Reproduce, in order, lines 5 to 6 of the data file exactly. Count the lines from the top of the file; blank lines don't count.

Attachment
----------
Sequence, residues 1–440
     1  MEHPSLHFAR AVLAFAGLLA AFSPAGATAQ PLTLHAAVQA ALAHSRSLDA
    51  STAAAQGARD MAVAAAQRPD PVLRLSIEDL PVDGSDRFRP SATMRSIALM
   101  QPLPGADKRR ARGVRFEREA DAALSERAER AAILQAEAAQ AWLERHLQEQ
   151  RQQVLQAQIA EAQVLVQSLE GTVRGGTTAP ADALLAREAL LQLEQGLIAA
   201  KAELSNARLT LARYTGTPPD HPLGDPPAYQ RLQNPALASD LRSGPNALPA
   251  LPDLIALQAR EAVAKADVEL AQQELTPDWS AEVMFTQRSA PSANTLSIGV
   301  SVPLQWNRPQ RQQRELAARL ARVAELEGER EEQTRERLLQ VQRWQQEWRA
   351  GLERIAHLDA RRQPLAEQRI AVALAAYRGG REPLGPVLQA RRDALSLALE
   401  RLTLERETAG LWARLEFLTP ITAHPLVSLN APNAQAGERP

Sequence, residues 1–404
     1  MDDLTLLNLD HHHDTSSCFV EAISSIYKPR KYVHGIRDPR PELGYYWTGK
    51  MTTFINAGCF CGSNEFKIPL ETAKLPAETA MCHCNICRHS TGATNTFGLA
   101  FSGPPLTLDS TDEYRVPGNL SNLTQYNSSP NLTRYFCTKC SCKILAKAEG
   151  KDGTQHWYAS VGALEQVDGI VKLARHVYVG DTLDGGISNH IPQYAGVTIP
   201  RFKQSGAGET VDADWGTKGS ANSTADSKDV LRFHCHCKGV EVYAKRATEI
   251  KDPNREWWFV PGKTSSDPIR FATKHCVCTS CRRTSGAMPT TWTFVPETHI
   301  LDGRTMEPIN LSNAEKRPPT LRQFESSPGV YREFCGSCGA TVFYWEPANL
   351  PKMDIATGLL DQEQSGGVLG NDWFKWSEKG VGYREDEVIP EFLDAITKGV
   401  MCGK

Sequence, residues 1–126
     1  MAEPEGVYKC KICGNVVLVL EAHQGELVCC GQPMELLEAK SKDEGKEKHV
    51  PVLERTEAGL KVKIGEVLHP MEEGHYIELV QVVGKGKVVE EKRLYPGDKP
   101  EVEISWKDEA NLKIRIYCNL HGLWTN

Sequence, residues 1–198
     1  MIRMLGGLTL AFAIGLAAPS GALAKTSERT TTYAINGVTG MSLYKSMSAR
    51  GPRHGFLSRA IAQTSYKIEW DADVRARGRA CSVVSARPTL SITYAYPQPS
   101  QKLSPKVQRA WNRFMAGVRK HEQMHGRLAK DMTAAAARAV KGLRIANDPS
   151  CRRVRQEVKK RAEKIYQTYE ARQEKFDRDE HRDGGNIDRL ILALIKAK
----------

   151  RQQVLQAQIA EAQVLVQSLE GTVRGGTTAP ADALLAREAL LQLEQGLIAA
   201  KAELSNARLT LARYTGTPPD HPLGDPPAYQ RLQNPALASD LRSGPNALPA